May 3, 2019


In This Issue
Fast Facts
NAHU Promotes Private Health Choices as House Holds Medicare-for-All Hearing
State Spotlight: Washington Passes First “Public Option” Bill
House Holds Prescription Drug Hearing as CBO Releases Rebating Rule Analysis
One Week Remaining for Legislative Council Applications
Healthcare Happy Hour: Debriefing the Medicare-for-All Hearing
Register for This Month’s Webinar on Form 5500 Reporting
Register for the Catalyst for Payment Reform’s Virtual Event on May 17
HUPAC Roundup: Putting Congeniality Back in Congress
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NAHU Promotes Private Health Choices as House Holds Medicare-for-All Hearing
Congress held a first-ever hearing on Medicare for All in the House Rules Committee on Tuesday. The hearing’s purpose was to generally review key issues with the consideration of H.R. 1384, the House Medicare-for-All legislation introduced in February, and its companion introduced by Senator Bernie Sanders (I-VT) last month. NAHU strongly opposes Medicare-for-All and all forms of single-payer healthcare and is actively opposing efforts to implement such proposals through our coalition, the Partnership for America’s Health Care Future (PAHCF). As part of these efforts, NAHU submitted formal comments to the committee in advance of the hearing and joined the PAHCF and the Partnership for Employer-Sponsored Coverage in expressing our deep concerns that such proposals could have on existing coverage and choices for Americans.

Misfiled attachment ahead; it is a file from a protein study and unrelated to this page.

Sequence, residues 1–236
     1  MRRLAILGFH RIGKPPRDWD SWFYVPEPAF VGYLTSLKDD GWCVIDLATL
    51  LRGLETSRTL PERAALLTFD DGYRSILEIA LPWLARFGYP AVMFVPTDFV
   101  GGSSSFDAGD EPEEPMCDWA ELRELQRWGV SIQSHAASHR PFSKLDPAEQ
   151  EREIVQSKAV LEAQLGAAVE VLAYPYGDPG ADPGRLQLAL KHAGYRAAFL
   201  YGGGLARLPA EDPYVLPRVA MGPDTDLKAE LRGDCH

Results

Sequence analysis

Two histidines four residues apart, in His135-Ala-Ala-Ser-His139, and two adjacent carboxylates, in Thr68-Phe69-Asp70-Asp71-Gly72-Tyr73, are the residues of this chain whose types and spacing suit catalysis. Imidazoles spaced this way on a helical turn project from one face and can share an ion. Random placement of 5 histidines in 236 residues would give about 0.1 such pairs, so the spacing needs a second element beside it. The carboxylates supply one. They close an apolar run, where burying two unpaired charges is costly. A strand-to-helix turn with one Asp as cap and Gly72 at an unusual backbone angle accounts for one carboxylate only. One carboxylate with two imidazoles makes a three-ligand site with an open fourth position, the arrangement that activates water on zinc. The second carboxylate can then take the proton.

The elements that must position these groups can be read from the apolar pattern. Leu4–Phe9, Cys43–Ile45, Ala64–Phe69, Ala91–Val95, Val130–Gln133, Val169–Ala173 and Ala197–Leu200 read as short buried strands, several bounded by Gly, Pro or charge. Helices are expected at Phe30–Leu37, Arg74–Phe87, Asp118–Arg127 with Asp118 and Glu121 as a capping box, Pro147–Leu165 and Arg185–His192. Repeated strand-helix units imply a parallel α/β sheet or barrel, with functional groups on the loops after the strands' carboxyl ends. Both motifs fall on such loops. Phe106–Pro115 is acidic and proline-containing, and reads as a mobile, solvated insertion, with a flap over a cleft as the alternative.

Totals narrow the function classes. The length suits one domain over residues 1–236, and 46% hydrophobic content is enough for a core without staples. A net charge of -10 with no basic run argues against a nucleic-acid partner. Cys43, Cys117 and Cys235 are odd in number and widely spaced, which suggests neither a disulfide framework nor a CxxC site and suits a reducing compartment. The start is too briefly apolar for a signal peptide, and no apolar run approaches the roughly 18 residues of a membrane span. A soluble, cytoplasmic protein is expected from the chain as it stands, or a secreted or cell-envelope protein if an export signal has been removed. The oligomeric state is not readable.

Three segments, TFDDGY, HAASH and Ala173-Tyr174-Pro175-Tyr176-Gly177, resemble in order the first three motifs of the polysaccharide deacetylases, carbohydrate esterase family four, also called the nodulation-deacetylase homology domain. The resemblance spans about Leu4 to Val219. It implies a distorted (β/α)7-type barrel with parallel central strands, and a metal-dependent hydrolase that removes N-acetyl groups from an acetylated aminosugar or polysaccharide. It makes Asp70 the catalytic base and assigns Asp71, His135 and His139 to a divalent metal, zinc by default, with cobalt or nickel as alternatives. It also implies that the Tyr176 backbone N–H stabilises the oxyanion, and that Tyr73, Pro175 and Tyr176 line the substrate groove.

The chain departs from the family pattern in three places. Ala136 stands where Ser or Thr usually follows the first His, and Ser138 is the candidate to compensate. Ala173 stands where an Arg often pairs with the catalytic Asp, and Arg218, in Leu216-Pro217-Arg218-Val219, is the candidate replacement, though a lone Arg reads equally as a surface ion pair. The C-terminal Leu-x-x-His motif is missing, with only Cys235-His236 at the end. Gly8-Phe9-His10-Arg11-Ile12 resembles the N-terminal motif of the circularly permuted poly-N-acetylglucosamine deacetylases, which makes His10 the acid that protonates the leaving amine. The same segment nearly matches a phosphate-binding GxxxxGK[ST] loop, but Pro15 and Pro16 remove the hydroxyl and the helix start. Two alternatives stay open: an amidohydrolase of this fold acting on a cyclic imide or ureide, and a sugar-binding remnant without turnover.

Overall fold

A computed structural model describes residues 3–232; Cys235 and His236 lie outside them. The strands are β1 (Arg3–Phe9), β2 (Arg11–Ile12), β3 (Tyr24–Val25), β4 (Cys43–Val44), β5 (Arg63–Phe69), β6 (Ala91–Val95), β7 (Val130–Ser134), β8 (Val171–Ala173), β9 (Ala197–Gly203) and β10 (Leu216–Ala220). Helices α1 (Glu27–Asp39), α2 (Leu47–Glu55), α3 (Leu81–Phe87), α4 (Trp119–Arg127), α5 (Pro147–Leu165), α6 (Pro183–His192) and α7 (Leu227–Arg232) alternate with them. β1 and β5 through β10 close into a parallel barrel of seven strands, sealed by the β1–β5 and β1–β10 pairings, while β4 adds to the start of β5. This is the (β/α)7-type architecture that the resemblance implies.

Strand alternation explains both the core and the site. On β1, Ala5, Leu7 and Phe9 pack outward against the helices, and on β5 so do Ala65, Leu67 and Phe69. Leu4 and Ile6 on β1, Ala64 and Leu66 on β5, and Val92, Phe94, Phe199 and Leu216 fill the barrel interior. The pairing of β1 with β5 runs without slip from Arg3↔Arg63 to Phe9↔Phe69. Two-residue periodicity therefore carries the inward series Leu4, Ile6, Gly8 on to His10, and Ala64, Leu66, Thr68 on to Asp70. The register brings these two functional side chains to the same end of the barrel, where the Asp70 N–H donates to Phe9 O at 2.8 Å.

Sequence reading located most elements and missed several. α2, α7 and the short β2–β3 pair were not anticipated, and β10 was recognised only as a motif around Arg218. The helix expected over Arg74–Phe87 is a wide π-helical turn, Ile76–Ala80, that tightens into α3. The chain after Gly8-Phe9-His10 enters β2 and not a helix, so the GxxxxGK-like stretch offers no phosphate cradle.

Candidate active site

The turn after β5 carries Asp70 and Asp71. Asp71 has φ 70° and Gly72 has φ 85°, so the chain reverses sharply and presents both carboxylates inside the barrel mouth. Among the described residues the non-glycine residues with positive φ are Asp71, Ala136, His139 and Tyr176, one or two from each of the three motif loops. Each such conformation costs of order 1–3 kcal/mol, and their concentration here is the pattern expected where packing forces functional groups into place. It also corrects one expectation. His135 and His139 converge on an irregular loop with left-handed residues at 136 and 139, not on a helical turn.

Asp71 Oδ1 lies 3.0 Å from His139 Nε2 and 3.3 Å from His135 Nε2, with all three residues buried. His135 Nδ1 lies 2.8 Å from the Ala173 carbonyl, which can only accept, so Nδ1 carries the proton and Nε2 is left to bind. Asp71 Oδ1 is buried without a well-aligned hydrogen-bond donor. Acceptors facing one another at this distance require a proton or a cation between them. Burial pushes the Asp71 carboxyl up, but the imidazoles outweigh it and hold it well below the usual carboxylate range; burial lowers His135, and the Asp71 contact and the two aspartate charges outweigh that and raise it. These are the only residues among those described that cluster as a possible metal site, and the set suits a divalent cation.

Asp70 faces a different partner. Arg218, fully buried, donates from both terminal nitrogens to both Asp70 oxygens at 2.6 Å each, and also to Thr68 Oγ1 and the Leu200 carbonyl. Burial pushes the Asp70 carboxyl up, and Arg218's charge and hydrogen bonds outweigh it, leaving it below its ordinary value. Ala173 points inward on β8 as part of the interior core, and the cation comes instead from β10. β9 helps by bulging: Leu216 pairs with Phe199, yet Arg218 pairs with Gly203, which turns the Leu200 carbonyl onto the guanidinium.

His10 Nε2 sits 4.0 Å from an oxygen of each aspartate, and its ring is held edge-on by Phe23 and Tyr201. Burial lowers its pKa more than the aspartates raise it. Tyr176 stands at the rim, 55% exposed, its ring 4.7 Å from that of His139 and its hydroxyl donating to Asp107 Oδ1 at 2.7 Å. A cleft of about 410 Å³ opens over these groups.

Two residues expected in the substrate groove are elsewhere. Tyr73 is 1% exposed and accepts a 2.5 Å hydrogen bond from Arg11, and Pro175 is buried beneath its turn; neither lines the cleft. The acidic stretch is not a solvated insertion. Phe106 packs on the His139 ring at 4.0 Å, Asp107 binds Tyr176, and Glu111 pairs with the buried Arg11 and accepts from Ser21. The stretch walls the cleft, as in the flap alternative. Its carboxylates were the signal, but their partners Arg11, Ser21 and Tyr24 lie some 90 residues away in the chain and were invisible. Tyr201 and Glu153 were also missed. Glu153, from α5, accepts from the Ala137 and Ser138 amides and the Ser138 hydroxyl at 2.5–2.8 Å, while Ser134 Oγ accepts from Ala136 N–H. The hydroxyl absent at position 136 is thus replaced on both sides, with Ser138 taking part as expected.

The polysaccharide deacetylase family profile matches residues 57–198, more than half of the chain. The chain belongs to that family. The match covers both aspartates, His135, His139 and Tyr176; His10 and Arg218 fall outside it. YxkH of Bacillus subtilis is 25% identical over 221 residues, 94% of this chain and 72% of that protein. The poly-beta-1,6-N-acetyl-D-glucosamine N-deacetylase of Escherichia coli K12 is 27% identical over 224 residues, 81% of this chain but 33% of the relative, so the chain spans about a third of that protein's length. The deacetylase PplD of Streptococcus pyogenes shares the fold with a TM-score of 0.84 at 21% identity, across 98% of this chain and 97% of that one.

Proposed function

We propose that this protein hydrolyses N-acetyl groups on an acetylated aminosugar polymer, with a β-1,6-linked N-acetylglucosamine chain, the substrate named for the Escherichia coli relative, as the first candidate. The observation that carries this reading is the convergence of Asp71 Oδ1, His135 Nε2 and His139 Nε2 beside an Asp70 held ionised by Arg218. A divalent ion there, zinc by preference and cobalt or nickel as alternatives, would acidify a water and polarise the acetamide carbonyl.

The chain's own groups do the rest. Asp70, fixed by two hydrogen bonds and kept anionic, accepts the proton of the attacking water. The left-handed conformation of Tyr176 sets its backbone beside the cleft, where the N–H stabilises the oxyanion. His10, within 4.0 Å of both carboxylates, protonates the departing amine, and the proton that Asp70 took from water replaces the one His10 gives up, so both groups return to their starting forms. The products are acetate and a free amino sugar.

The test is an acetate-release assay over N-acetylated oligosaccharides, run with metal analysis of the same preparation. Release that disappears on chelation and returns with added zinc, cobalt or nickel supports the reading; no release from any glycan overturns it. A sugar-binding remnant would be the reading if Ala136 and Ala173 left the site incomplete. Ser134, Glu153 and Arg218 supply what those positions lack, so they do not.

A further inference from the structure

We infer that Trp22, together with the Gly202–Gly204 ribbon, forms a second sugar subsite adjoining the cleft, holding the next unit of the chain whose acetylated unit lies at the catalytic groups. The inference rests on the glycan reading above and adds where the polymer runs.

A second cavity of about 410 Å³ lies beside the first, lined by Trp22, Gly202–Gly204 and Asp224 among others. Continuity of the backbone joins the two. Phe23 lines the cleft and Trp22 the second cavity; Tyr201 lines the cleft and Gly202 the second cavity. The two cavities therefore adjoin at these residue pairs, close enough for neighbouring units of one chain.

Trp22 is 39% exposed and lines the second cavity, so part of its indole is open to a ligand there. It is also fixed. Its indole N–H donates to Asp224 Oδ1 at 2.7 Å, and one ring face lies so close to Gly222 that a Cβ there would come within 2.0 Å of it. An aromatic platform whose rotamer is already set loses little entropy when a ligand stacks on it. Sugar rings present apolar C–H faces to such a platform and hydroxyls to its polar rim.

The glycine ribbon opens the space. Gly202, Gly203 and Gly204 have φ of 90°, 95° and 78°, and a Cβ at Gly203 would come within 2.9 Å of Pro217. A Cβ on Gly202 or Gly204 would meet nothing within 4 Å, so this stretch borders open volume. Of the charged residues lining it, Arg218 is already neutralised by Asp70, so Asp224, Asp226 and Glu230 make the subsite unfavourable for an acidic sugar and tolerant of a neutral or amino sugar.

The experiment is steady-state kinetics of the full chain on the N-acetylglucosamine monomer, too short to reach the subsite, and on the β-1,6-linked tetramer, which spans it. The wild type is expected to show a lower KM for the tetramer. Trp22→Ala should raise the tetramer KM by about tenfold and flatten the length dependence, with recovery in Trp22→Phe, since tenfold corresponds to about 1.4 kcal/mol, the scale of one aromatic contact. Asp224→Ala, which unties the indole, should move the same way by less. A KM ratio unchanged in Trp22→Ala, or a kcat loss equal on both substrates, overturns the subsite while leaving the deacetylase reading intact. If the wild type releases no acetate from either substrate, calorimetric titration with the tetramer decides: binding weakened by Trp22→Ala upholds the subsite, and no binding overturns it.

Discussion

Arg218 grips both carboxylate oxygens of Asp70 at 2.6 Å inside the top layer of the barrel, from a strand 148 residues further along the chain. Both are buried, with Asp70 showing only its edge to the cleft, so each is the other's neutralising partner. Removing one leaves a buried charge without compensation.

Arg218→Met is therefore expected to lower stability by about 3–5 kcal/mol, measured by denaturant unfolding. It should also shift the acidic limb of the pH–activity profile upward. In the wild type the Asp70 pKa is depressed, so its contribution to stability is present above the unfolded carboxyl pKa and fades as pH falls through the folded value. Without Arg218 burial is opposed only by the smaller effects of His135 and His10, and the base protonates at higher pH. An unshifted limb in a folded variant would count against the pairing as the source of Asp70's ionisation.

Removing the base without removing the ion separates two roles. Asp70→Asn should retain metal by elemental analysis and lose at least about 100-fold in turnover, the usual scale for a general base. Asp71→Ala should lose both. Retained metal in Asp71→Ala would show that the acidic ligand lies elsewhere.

Our comments stressed that the Medicare-for-All proposal would threaten the existing coverage of more than 180 million Americans, stripping them of their current private plans and replacing their insurance with less choice and control over doctors, treatments, and coverage, and higher taxes, longer wait times, and lower quality of care for patients. We further noted that existing healthcare choice would be threatened regardless if it is from incremental approaches such as a public option or Medicare or Medicaid buy-in, or a more sweeping federal takeover of the entire healthcare system to implement a single standardized government-run plan.